As a christian, I believe that whatever I do, I should do it for the glory of God. That is, I should not be pointing at myself to make myself look better, but pointing always to God, giving him the credit for all the good things he has given me and enabled me to do.
So if everything I do should be pointing to the greatness of God, this must include the words out of my mouth, right? The conversations I have with others, what I write in texts, emails,essays, blogs, tweets and good old fashioned letters. And, the words I use when I'm singing.
I'll happily be the first to admit that often I spend probably too long analysing the words of worship songs, for their theological accuracy when I should be concentrating on the reason I'm there singing them in the first place! It strikes me that if there were some words I did not entirely understand, or wasn't in exact concordance with, I might be more reluctant to sing them with such sincerity and joy.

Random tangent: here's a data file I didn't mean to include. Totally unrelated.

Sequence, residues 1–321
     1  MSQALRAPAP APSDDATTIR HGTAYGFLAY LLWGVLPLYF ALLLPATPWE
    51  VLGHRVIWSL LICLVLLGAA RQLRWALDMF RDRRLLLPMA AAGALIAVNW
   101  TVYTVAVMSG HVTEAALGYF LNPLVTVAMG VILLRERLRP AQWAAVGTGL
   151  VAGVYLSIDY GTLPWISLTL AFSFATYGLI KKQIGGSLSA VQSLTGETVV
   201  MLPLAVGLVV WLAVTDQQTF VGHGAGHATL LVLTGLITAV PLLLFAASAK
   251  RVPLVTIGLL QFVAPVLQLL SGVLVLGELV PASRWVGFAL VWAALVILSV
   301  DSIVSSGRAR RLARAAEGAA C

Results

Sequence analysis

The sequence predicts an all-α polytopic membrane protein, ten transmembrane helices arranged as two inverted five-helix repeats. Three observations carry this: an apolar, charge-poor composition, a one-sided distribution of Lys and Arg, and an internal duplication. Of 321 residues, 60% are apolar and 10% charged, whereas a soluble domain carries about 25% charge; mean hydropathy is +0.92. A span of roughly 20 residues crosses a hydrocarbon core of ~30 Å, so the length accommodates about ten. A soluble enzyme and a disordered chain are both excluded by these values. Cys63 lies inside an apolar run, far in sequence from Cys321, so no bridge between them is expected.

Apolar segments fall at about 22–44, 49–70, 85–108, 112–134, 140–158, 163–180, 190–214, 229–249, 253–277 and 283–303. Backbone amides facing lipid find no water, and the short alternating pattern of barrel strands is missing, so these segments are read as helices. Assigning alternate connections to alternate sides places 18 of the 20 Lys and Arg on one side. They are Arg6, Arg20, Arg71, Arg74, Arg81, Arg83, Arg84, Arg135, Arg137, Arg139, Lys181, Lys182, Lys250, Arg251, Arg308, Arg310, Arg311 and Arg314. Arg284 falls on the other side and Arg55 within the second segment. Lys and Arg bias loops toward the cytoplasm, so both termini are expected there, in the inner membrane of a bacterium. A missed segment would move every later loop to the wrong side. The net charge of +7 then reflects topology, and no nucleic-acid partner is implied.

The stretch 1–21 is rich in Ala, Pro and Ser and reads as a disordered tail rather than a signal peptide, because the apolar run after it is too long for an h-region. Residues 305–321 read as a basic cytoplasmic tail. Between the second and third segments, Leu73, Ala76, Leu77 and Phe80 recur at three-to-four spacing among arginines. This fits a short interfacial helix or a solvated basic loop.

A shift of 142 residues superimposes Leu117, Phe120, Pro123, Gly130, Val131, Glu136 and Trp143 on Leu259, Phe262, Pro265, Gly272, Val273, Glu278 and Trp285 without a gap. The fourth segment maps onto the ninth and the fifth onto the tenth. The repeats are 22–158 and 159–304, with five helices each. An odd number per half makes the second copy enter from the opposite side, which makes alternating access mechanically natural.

On the whole however, in terms of what we say, it's easy to make God the most important thing using the words we sing in church; the songs we use are written for this specific purpose!
But here's the big question; If I pay so much attention to the words I sing in church,what about the words of the songs we sing when we enjoy the highlights of our ipods, listen to the radio, dance in clubs, or perform on stage?
It would certainly, certainly be too extreme to suggest in any way that Christians should not be listening to or singing along with secular music, but recently I have found my integrity challenged in this area; not in terms of what I listen to but in terms of what I sing.